Special Coverage

NADA Convention & Exposition

SAN FRANCISCO – Growing up on a tobacco farm, Jim Hudson loved to buy old cars, fix them and resell them at a profit.

“The only time I skipped school was to look at a used car on a lot,” recalls the new chairman of the American International Automobile Dealers Assn. and head of Jim Hudson Automotive Group in Columbia, SC.

Hudson owns mostly foreign-brand stores, but as a young man his ambition was to be an Oldsmobile dealer. He fulfilled that goal but, like so many other Olds dealers, he was distressed when General Motors Corp. killed off the brand.

“I know Olds dealers who still aren’t over that,” Hudson tells Ward’s. “It was like their mothers had died.”

But Hudson is elated at an AIADA meeting where the chairman’s gavel is passed to him from John Hawkins, a California dealer praised for diplomatically ending a rash of in-fighting that racked the organization two years ago.

Hudson says life on the farm taught him lessons that he applies in running his Toyota, Hyundai, Saab, Pontiac and GMC dealerships, as well as two Lexus stores, in three South Carolina cities.

“I learned firsthand that there are no second chances in farming,” he says at the AIADA gathering held in conjunction with the National Automobile Dealers Assn. convention here.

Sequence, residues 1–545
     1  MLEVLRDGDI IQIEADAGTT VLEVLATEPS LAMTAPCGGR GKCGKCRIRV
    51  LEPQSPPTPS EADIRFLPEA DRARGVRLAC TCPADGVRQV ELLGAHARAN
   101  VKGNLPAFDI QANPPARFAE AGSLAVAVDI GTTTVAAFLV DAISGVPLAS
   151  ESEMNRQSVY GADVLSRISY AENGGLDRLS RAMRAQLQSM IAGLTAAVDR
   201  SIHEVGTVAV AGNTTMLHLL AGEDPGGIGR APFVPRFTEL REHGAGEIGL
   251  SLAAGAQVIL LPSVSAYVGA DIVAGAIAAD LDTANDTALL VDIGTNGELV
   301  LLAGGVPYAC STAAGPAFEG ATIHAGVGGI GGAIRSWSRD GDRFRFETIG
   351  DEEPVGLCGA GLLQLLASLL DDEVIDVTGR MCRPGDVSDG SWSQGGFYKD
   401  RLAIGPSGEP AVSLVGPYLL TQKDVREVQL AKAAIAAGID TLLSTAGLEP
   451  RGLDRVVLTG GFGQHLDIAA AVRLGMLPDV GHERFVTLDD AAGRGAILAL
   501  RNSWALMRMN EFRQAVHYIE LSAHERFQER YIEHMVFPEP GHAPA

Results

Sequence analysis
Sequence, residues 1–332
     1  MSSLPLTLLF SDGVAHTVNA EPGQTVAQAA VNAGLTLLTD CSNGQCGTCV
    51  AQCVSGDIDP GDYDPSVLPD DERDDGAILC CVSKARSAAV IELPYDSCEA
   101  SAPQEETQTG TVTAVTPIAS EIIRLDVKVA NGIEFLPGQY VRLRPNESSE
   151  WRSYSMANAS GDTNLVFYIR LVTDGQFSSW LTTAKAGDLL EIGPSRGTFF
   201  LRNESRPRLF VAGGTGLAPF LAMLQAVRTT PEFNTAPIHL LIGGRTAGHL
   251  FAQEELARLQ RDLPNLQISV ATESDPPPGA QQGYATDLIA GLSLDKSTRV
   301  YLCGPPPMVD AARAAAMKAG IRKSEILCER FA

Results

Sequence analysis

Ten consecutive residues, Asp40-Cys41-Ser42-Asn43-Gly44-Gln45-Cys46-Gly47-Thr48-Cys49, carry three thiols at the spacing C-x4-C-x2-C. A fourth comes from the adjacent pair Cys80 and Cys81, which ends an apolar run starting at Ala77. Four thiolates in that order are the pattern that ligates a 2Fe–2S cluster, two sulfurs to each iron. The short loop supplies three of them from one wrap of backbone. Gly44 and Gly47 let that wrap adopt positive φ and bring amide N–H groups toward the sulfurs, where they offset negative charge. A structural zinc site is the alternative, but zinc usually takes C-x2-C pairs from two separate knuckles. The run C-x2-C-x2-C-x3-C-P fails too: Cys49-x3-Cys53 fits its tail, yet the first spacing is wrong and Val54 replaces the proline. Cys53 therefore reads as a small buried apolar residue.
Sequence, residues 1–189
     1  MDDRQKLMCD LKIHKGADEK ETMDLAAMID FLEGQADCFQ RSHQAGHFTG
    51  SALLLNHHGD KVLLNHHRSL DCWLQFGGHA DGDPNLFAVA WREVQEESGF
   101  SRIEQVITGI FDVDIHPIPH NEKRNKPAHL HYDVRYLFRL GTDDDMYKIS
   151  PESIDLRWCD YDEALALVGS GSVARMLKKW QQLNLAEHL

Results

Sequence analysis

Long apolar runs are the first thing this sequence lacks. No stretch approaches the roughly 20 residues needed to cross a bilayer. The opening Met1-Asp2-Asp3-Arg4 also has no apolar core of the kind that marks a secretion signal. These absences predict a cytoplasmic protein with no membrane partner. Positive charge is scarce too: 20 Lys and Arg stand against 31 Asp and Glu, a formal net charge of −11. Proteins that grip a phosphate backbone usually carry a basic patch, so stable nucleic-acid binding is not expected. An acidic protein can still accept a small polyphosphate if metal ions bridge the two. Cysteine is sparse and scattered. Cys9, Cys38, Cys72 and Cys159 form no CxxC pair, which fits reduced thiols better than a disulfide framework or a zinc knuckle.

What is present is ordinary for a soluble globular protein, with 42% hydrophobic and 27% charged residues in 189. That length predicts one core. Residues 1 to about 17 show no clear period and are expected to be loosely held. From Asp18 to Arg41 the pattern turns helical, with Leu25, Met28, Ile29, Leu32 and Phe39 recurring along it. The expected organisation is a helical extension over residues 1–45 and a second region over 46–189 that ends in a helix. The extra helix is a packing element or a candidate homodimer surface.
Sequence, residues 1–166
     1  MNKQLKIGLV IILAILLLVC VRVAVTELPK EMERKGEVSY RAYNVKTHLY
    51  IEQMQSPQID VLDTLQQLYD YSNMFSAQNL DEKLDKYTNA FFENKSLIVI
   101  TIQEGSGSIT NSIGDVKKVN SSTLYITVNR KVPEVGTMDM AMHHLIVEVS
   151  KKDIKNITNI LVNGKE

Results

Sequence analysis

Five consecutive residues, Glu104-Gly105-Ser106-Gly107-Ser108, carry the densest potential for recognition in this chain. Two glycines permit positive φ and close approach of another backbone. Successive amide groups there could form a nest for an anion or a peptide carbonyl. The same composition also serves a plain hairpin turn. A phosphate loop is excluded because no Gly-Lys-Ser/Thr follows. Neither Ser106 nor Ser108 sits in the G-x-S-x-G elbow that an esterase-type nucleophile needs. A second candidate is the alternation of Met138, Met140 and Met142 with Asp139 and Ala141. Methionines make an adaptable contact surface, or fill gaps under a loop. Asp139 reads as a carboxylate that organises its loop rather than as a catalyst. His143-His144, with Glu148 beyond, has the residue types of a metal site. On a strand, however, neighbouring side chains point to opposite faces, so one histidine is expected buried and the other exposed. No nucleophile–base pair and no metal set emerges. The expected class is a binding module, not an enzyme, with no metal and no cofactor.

“You have to take advantage of every opportunity, every square foot of land and every drop of rain if you are going to make it,” he says. “I apply the same principals I learned in the tobacco fields to my dealerships today.”

Hudson is much admired within the auto industry. He is known as a dealer who coaches sales people to become managers, helps managers get their own dealerships and offers advice to young dealers.

As AIADA chairman over the next year, he’ll carry the association’s traditional banner of lobbying against legislative protectionism and tariffs against import vehicles.

“There will always be opponents to free trade,” Hudson says. “There will always be politicians who see us as convenient scapegoats to their problems.”

He sees AIADA as “the international dealer’s only defense against legislation that will destroy our business.”

Vowing to be the same sort of association chairman as he is car dealer, Hudson says, “I will get the job done.”